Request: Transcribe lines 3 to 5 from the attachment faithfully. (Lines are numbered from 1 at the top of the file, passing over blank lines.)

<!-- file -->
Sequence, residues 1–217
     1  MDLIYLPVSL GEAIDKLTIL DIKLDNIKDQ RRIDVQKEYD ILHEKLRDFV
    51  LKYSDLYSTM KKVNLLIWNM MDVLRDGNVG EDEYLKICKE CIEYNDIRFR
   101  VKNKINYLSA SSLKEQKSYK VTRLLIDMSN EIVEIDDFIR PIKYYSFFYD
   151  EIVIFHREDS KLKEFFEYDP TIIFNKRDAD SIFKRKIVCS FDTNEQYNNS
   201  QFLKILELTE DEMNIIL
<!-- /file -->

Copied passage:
    51  LKYSDLYSTM KKVNLLIWNM MDVLRDGNVG EDEYLKICKE CIEYNDIRFR
   101  VKNKINYLSA SSLKEQKSYK VTRLLIDMSN EIVEIDDFIR PIKYYSFFYD
   151  EIVIFHREDS KLKEFFEYDP TIIFNKRDAD SIFKRKIVCS FDTNEQYNNS